The ever-changing coronavirus situation has resulted in some procedural changes at the Greene County Courthouse.
The Tennessee Supreme Court last week issued an order extending the state of emergency and reinstating suspension of in-court proceedings.
The order suspends most in-person proceedings through Jan. 31.
The Greene County Court Clerk’s office and other court clerk offices across the state remain accessible.
In recent weeks, “multiple judicial districts, counties, and courts have already limited in-person proceedings because of coronavirus outbreaks in their courtrooms or communities,” the state Supreme Court order said.
“My office has been fortunate to only have one positive test result for COVID-19. I have had a couple employees quarantine because of possible exposure, but we have not lost any work time, or had any closures due to the virus. I am very thankful for that, and pray that trend continues here at clerk’s office,” Chris Shepard, Greene County Circuit Court clerk, said Wednesday in an email.
January, May and September are the months Criminal Court cases are scheduled to be heard in Greene County Criminal Court. Several jury trials scheduled for January may be continued.
A Greene County Grand Jury scheduled to convene on Jan. 4 has also been postponed to a date not yet determined, Shepard said.
“We kept our jurors for another four months,” Shepard said.
JURY DUTY CHANGES
Shepard said that jurors normally provide four months’ service. The COVID-19 pandemic has temporarily altered that system.
“The past two jury pools that were chosen have been extended to an eight-month term,” Shepard said.
Shepard said he generally mails 250 jury notice letters.
“These individuals are chosen randomly by the software we use in the office. Potential jurors are chosen from driver license information,” he said. “In an effort to save time, and money, (Criminal Court Judge John F. Dugger Jr.) held this jury pool for another four months.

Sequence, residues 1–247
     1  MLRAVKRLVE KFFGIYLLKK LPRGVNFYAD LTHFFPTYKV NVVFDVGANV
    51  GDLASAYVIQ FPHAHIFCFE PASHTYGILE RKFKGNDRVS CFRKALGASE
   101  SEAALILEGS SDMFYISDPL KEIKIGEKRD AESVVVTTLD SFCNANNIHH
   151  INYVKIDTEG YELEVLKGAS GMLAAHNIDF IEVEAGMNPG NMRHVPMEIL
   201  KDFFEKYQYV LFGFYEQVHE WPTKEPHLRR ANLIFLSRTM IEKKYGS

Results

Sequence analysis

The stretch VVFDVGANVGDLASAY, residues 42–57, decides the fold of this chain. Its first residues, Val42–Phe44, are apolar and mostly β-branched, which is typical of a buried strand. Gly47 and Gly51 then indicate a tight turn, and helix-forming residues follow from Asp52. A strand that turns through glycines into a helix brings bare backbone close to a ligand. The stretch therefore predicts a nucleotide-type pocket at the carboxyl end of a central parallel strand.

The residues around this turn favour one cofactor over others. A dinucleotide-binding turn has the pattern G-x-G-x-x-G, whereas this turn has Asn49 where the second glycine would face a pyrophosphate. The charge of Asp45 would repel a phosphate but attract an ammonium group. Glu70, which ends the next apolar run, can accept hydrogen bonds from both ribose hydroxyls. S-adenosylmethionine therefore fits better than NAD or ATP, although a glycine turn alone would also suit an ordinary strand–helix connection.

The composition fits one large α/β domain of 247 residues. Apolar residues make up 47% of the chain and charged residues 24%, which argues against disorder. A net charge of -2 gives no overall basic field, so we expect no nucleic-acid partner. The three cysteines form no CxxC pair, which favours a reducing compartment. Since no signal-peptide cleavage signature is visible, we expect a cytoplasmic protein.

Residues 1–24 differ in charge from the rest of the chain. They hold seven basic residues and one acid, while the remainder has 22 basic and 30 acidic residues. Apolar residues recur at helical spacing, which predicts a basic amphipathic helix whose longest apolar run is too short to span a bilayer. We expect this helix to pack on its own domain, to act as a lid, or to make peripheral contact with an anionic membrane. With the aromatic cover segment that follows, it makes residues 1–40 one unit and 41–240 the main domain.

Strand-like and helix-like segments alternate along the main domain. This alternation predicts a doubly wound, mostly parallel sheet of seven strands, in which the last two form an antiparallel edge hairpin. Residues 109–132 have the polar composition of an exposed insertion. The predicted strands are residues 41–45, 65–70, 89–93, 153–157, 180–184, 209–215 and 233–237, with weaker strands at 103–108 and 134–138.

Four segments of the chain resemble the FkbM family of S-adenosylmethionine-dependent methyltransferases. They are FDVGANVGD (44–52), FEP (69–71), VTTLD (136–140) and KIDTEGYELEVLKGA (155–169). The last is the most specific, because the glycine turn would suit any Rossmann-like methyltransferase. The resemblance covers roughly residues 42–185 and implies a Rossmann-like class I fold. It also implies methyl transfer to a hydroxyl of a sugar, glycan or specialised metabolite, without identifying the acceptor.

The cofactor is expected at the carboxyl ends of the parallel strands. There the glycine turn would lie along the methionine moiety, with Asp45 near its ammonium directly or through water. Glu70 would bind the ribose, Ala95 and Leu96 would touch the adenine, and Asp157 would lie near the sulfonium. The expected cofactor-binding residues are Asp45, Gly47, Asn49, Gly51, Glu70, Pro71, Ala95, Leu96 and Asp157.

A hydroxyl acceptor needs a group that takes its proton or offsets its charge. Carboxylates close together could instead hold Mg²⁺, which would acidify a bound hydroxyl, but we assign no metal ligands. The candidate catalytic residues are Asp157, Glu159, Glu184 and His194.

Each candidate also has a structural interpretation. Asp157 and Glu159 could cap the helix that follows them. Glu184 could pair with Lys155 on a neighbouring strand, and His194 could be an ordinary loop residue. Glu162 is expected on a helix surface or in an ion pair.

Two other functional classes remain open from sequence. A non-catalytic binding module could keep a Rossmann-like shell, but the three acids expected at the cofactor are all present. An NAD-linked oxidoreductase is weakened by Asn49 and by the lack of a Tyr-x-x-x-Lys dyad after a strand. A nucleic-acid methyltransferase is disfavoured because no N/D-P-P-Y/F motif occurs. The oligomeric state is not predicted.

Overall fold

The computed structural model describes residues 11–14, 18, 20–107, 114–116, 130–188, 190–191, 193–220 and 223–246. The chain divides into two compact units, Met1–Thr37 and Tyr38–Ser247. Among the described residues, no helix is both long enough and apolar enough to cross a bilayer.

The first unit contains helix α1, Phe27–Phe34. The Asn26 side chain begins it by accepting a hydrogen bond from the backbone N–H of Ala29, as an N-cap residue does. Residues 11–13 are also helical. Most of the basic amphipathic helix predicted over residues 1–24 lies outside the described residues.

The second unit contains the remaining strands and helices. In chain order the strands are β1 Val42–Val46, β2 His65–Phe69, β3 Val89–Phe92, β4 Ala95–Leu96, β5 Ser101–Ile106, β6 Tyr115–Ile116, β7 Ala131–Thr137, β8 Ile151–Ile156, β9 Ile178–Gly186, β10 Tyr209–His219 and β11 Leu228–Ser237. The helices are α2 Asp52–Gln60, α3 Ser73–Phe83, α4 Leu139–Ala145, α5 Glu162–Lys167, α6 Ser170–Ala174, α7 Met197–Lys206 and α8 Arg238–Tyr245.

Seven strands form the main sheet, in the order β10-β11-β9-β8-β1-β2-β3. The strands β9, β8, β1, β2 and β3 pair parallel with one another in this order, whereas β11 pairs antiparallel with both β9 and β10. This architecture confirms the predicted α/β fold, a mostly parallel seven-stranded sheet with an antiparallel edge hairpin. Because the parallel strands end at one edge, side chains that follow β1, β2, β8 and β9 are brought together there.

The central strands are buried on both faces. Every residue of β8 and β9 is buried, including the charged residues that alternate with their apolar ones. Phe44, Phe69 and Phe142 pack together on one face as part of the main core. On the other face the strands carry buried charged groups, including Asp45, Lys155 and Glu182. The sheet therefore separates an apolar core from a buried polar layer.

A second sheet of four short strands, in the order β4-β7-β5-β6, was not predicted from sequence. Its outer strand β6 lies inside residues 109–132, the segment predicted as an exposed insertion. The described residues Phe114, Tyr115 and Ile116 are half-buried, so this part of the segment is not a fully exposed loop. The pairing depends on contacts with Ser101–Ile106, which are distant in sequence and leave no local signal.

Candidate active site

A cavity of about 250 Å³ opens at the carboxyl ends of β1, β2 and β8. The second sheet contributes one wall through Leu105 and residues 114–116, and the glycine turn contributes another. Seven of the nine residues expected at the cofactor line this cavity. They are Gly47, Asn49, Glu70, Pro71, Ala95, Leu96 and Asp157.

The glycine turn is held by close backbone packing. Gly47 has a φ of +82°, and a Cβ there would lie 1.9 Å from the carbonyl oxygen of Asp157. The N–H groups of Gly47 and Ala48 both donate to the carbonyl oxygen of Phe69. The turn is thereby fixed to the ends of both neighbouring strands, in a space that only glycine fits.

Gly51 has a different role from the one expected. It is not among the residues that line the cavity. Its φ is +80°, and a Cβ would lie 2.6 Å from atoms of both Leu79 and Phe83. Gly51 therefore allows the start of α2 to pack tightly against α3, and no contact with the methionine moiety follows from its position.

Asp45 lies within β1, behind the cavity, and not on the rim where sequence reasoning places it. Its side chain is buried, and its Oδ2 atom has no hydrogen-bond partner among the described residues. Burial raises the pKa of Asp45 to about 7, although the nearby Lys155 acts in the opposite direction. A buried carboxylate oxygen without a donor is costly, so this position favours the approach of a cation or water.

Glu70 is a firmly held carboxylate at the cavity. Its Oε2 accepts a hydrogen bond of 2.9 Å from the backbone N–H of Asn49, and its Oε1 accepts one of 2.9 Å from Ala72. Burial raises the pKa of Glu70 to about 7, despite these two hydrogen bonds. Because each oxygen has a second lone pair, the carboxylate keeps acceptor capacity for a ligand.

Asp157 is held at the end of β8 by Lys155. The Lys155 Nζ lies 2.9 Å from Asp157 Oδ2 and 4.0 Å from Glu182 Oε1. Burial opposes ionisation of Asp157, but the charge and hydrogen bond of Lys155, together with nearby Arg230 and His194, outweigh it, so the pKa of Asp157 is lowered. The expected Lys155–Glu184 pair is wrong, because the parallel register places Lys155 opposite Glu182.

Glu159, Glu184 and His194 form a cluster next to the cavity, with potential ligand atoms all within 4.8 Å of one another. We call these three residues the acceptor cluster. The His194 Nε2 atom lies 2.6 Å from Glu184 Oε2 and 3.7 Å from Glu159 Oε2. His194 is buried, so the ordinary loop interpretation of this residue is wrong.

“It’s not a terrible time to serve as a juror right now,” Shepard said. “There have only been three criminal jury trials since I took office in 2018.”
The last jury trial in Greene County was in August 2019.
Shepard said that there have been no Civil Circuit Court jury trials since he became clerk.
“With new orders coming quite frequently from the Tennessee Supreme Court about trials and court proceedings, it could possibly be a few more months before we see a case being tried before a judge and jury,” Shepard said.
VIDEO HEARINGS INCREASE
Dugger will preside over limited in-person court proceedings in January.
Dugger and Circuit Court Judge Alex E. Pearson have conducted several court matters by Zoom video, Shepard said.
“I look for them to continue, and increase the use of Zoom meetings as the year progresses,” he said.
General Sessions Court Judge Kenneth Bailey Jr. held two full days of court proceedings via Zoom in December, “and it went very smoothly,” Shepard said.
“Judge Bailey continues to use the video arraignment system for all individuals that are incarcerated and need to be arraigned,” Shepard said.
Todd Estep, assistant public defender for the 3rd Judicial District Public Defender’s Office, “was very helpful with the Zoom process. Mr. Estep and I worked closely with the (Greene County) Detention Center making sure things ran smoothly. I appreciate all the help he has given,” Shepard said.
All elements of the court system will continue to work together as the COVID-19 pandemic continues.